LVIV – The European Union is likely to agree to a ban on Russian oil imports “within days,” according to its largest member Germany, Moscow, which has said it has boosted its economic ties with China since it was cut off by the West over its invasion of Ukraine.
Ukrainian President Volodymyr Zelensky told world business leaders in Davos on Monday that sanctions against Russia should be increased to prevent other countries from using “brutal force” to achieve their goals.
Many of the 27 member states of the European Union, highly dependent on Russian power, have criticized Kiev for not moving fast enough to cut off supplies to the bloc.
Hungary is embroiled in demands for energy investment before agreeing to such sanctions, as EU states clash with pressure for speedy approval. The EU has offered up to 2 billion euros ($ 2.14 billion) in non-Russian supplies to Central and Eastern countries.
“We will make progress in a few days,” German Economy Minister Robert Habeck told broadcaster ZDF.
The European Commission and the United States are working in parallel on proposals to limit global oil prices, he said.
“It’s obviously an unusual measure, but it’s an unusual time,” he said.
Russia’s three-month-long invasion, the largest attack on a European state since 1945, has seen more than 6.5 million people flee abroad, devastate entire cities and prompted unprecedented Western sanctions on Russia.
As another symbolic indication of Russia’s isolation, the US coffee chain Starbucks has become the latest Western brand to say it is leaving the country on Monday.
Foreign Minister Sergei Lavrov has said that the Kremlin will focus on developing relations with China because economic ties with the United States and Europe have been severed.
“If they (the West) want to offer something in terms of resuming relations, we will seriously consider whether we will need it,” he said in a statement, according to a transcript on the State Department’s website.
“Now that the West has taken a ‘dictatorial position’, our economic relations with China will grow even faster.”
The remarks came during US President Joe Biden’s visit to Asia, where he said he would be willing to use force to protect Taiwan against Chinese aggression – a remark that seems to extend the ambiguity of US policy toward self-governing islands.
Russia sent thousands of troops to Ukraine on February 24 in what it called a “special operation” to disarm its neighbors and eradicate dangerous nationalists – a claim rejected by Kyiv and the West as a false pretext for land grabbing.
After capturing the port city of Mariupol in southeastern Ukraine last week after a month-long siege, Russian forces now control large parts of the east and south.
They are trying to encircle Ukrainian forces and completely occupy the provinces of Luhansk and Donetsk, which comprise the eastern Donbass region, where Moscow supports separatist forces.
A total of 12,500 Russians were trying to occupy Luhansk, the region’s governor Serhiy Gaidai said in a telegram. The city of Siviarodonetsk is being destroyed, but Ukraine has moved Russian troops south of Toshkivka, Gaidai added.
Donetsk regional governor Pavlo Kirilenko told local television that shelling was taking place along the front line, hitting the coal-mining town of Avdivka 24 hours a day.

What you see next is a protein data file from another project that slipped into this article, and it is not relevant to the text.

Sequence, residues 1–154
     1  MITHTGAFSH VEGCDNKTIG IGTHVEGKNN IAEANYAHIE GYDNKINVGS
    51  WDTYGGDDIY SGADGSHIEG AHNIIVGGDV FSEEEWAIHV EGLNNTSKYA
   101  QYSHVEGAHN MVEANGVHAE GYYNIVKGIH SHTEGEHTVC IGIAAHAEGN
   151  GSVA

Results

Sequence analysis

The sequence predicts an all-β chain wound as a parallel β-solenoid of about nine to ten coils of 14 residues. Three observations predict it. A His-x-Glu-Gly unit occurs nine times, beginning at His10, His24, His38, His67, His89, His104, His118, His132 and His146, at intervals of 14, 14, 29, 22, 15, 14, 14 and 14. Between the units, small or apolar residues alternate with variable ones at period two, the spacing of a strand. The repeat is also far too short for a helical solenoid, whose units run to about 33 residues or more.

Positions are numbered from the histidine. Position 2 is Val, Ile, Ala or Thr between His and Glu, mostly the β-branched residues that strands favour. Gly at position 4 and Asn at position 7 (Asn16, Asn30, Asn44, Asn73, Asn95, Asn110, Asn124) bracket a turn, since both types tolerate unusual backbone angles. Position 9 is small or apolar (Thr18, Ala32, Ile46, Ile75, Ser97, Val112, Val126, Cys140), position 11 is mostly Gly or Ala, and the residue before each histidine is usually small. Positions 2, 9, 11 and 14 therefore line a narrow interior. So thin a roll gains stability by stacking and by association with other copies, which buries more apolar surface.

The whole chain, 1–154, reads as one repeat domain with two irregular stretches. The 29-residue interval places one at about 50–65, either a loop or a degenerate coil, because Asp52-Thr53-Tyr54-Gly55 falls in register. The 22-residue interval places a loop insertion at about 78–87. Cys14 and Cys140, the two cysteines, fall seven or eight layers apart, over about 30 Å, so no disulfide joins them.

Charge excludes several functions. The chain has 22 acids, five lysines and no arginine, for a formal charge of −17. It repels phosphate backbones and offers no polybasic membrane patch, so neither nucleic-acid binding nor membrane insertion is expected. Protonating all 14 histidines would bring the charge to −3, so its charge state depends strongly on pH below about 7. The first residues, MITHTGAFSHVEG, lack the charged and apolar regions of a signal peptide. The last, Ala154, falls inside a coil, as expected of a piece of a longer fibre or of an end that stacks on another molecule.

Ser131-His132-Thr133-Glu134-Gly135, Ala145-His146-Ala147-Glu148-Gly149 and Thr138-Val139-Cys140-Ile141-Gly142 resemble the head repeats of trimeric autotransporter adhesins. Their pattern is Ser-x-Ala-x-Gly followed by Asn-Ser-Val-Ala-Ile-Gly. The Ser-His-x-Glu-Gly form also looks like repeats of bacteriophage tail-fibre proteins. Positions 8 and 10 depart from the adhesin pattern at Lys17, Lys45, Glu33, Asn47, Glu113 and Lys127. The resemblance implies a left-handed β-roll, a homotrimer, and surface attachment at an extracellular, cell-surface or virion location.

Ukraine’s Joint Forces Task Force Military Command said in a nightly update that Russian forces opened fire on 38 communities in Donetsk and Luhansk on Monday, killing seven and wounding six.
Reuters was not able to immediately verify the information.
Zelensky on Monday described Ukraine’s worst military casualties since a single attack in the war, saying 87 people had been killed last week when Russian forces hit a barracks at a training base in the north.
“Every time we tell our partners that we need modern anti-ballistic weapons, modern military aircraft, we are not simply requesting empty,” he said late Monday.
“These requests are the lives of many people who would not have been killed if we had not received the weapons we are requesting.”
Denmark’s commitment to send Harpoon anti-ship missiles and a launcher to Ukraine, the United States announced on Monday, is the first sign since Russia’s aggression that Kyiv will receive US-made weapons that will significantly expand its striking range.
Harpoons made by Boeing could be used to push the Russian navy away from Ukraine’s Black Sea port, so that exports of grain and other agricultural products could resume.
In the first of many war crimes trials since the attack, a Kiev court has sentenced a young Russian tank commander to life in prison for killing an unarmed civilian.
Ukraine is investigating more than 13,000 Russian war crimes suspects, according to its prosecutor general’s website.
Russia denies targeting civilians or engaging in war crimes.
Ukraine is trying to secure a prisoner exchange for fighters surrendering in Mariupol. A Russian deputy foreign minister was quoted as saying that Moscow could negotiate a swap.
In a cemetery outside Mariupol, traversing long rows of fresh graves and temporary wooden crosses, Natalya Voloshina, who lost her 28-year-old son in the battle for the city, said there was no one left to pay tribute to the memory of many of Mariupol’s dead. .
“Who will bury them? Who will put a plaque?” He asked.
“They have no family.” (1 = 0.9363 euros)
(Written by Alexander Kozukhar of Lviv, Pavel Polityuk of Kiev, and Natalia Genetas, and Costas Pitas of Mariupol, by reporters from Reuters; edited by Rosalba O’Brien and Michael Perry)